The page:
In “L’Eternelle Idole”, Gretton invoked the Goddess of Life for salvation from “gods who vulcanise our flesh/Electrify our minds and turn/Sinew and vein to copper mesh”, and he resorted to a distinctive indigenous imagery of natural growth as a corrective to the failure of conventional institutions and beliefs:
From broken bitumen there springs
In green and white embroidered dress
A punga like a shepherdess
With curling crook and modest air
And unembarrassed pubic hair.
In 1941 Gretton was called up for military service. He had left Wellington and “the unattractive Pakeha” and had been teaching at Manaia primary school. He thought Maori were “healthy pagans” in conflict with our social system and recorded in his notebook on 11 January 1943 that Maoritanga became more and more central because the Maori saw they would be fools to abandon it “for the chaos we offer”:
We see the hardy Argonauts of Kiwa
Reduced by Marsden and the motor car
To jitter bugs and ukelele ladies
The poor relations of the Pakeha.
Gretton was experimenting with a lyricism that could express his feelings more deeply and sensitively. His “Kanikani Poi” was inspired by dance and song in a context of natural imagery and historical insight:
The words you sing, e hine, the waves utter
Moving along channels among the rocks
And in the swirl of the wind, the swirl of your dress
I have heard the same frisk and rattle of flax.
Some of this material was incorporated into “Koru and Acanthus”, a major poem he worked on in Italy and completed by 1946. Against the background of Europe in ruins, it raised questions about the future of New Zealand as “[a] land whose songs are yet to sing, a land/Of virgin peaks and unimagined palaces” where the colonists “[r]eplaced the pleasant pagan aroha/With a circumspect loathing for each other”, and the “gold imaginings” were banished “to the wry life of slum window-boxes” and “a pestered little hope of red geraniums”:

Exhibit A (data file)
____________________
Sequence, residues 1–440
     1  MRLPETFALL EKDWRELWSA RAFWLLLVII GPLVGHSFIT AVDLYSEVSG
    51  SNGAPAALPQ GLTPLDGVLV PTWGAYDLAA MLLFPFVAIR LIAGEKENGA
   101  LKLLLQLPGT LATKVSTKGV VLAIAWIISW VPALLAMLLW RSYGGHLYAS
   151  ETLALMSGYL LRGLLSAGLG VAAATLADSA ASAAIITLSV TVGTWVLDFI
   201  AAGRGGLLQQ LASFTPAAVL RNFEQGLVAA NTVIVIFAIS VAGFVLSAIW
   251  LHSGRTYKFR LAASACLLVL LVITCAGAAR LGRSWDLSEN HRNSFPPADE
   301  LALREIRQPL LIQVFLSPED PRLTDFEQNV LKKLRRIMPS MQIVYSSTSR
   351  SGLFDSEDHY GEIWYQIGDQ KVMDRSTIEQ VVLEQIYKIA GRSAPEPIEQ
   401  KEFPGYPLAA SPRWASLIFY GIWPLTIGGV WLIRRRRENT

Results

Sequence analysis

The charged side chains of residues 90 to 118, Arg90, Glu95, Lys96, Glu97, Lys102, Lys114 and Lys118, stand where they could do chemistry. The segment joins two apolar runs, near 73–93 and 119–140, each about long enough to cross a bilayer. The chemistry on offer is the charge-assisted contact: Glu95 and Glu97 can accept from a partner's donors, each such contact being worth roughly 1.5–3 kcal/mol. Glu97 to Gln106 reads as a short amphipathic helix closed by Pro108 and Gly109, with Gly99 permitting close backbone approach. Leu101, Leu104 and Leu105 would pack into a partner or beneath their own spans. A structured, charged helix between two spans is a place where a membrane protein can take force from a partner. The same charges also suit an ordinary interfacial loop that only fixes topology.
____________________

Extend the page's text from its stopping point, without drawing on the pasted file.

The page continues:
You are fallen upon an age past singing
And past caring for the poi’s magic –
Will you be there in the new age, bringing
Your words like ferns to grace the new music?
“Koru and Acanthus” has a distinctive integrative significance in its concluding hope that somehow, in spite of the burden of the past and our various failures, we can reconcile
The old and the new with forms entirely ours,
And find a new beauty in our own
Unemphatic but insistent flowers.
But 30 years later Gretton wrote an angry postscript that denounced the speculators who were plundering scrub acres and destroying small animals and plants:
We have indeed a country poor in ruins –
If ruins means the ruined works of men.
But who can reconstruct a ruined river?
And who can wash its water clean again?
This comment concentrates on Gretton’s poetry over a period over some 30 years. But he was also a prose writer, a linguist, and a diarist. His diary is particularly interesting as wartime social history from the point of view of a rank-and-file observer, who was more concerned to further his writing and his language studies than to distinguish himself as an aggressive 2NZEF warrior. The style is brisk and conversational, while the subject matter ranges from his own personal adventures and feelings to speculations about Maoritanga, the possibilities for an intelligent New Zealand style of socialism, his enthusiasm for his “bedraggled” and “beloved Italy”, and a scathing demolition of the inconveniences, absurdities and incongruities of military life. A fuller treatment would need to explore these aspects of a gifted, unusual, and curiously neglected writer.
Les Cleveland served as a 2NZEF infantry soldier in World War 2.